Adjusting to divorce is one of the toughest things kids can go through. Although you can’t change the reality of divorce, you can do things to help prepare your children for the changes to come. Here are five ways to ease your kids’ transition from living in an in tact family to a family with two homes.
Do a “dress rehearsal” before you tell your kids. Ideally, you and your spouse should prepare a “script” ahead of time. Even if you despise each other, it’s important to present a united front as much as possible so that your kids don’t get pulled into taking sides. Don’t overshare personal reasons for the divorce. It’s enough to say that you had adult problems you couldn’t fix, and after much thought, decided to end your marriage but remain committed to parenting. Preparing what you’re going to say ahead of time will help prevent arguing in front of the kids.
Anticipate – and prepare for – delayed reactions. Some kids appear to take news of the divorce in stride, then exhibit signs of distress weeks or months later. This is a normal grief reaction, as they move from shock or denial into sadness and anger. Let them know that their feelings may change, and that you’re there to help them through the transition.
Focus on what will stay the same. Divorce is tremendously destabilizing, so tell your kids what’s not going to change: for example, their school, proximity to friends, housing, even toys and bedroom furniture. If you don’t have an answer to something – where one of you will be moving, for instance – tell your kids you’ll let them know as soon as you figure it out. Most important: assure them you will always be their parents and you will always love them.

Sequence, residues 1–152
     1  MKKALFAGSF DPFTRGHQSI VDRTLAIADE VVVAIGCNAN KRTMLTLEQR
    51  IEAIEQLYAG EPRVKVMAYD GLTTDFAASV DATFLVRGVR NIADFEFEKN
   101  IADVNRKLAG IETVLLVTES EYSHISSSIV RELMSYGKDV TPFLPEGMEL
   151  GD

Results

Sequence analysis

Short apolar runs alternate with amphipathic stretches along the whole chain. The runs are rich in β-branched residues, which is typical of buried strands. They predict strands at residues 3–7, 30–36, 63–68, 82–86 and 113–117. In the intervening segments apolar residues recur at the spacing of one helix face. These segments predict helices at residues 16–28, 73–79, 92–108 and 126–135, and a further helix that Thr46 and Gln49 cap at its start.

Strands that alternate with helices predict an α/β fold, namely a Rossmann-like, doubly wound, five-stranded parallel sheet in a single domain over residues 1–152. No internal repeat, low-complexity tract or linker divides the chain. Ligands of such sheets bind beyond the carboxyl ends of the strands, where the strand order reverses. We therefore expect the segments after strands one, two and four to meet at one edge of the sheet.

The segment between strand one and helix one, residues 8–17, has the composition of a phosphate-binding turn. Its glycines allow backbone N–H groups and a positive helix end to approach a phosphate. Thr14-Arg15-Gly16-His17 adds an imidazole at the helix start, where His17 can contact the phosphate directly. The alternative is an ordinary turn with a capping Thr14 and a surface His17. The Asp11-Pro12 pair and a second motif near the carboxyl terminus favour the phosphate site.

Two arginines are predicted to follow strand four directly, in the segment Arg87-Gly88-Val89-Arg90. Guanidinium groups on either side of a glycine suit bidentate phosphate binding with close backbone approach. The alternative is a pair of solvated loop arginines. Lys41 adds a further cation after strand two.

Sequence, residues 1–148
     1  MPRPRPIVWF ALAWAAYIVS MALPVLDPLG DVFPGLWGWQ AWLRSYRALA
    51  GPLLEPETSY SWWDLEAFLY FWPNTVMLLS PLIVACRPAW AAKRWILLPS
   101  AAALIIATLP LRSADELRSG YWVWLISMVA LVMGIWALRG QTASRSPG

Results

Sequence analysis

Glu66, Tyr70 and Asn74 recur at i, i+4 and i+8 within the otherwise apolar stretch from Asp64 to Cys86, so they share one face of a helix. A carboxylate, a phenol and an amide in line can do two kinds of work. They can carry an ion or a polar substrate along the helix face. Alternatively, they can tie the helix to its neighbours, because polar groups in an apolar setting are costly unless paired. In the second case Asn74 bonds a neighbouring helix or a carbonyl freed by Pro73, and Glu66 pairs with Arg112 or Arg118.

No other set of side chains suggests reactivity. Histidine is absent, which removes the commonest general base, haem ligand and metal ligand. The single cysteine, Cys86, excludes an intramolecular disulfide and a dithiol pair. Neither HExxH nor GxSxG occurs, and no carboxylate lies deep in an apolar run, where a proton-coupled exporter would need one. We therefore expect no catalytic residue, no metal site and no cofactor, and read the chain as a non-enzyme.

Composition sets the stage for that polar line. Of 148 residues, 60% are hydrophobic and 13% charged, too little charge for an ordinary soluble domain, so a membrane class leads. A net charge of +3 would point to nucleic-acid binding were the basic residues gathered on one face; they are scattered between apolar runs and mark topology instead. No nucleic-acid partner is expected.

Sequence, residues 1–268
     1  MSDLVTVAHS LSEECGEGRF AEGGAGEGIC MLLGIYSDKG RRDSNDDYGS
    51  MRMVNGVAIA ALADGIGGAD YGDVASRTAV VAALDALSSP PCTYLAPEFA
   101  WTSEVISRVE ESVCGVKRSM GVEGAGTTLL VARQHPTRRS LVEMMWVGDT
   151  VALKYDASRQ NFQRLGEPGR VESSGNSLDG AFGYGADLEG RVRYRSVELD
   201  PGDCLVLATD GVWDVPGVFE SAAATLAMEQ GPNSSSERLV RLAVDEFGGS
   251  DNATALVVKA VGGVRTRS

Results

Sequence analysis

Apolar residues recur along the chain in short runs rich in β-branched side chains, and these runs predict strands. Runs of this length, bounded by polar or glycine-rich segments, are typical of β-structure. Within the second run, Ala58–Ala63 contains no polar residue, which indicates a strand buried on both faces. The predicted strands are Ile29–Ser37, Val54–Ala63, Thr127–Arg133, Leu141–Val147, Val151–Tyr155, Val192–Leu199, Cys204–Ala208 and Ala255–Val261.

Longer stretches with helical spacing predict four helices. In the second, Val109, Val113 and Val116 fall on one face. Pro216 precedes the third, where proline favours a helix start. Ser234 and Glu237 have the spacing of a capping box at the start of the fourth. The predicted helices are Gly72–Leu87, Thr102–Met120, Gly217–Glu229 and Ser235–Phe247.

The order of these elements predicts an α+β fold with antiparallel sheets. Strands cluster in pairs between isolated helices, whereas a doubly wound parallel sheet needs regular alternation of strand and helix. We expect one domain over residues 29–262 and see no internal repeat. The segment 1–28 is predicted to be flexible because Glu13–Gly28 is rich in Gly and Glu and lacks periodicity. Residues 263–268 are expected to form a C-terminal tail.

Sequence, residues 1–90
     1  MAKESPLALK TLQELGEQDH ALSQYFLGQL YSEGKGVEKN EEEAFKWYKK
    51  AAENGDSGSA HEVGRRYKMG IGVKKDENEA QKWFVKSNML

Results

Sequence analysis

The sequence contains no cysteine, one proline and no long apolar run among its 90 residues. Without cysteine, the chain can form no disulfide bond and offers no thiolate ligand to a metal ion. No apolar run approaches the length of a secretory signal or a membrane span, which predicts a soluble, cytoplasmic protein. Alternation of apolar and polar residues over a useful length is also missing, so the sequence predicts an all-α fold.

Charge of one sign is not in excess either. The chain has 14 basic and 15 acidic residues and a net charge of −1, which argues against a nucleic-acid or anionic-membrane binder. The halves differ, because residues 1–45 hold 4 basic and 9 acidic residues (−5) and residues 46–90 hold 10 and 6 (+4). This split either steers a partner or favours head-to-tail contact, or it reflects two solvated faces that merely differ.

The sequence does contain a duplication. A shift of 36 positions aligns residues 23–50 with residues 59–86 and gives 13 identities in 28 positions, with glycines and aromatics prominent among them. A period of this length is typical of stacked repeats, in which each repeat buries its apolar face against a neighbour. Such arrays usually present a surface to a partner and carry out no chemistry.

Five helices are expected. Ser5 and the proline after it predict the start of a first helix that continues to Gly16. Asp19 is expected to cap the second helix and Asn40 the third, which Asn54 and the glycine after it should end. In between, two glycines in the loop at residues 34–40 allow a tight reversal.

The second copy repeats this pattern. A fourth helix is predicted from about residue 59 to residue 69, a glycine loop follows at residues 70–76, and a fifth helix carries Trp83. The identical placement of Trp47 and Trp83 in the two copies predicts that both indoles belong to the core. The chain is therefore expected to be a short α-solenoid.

Tell them it’s okay to talk about it – but don’t push them. Your child may need to share his feelings and questions about the divorce, often repeatedly. Validate these feelings and let him know he can talk to you whenever he wants. But if your child doesn’t want to talk about the divorce, don’t try to engage him in a conversation. Kids process information in different ways; you don’t want to be intrusive by pressuring them to open up before they’re ready – or making them feel they have to take care of you. If your child seems shut down, tell him that you’re available if and when he wants to talk about the divorce.
Reassure kids it’s not their fault. Kids often think they did something to cause the divorce – and that they can “fix” it. Let them know that they had nothing to do with the breakdown in the marriage and remaining an in tact family wasn’t a viable option. Assure them that it’s not their job to solve grown-up problems, and that you and your spouse will do everything you can to help them adjust to the changes ahead.
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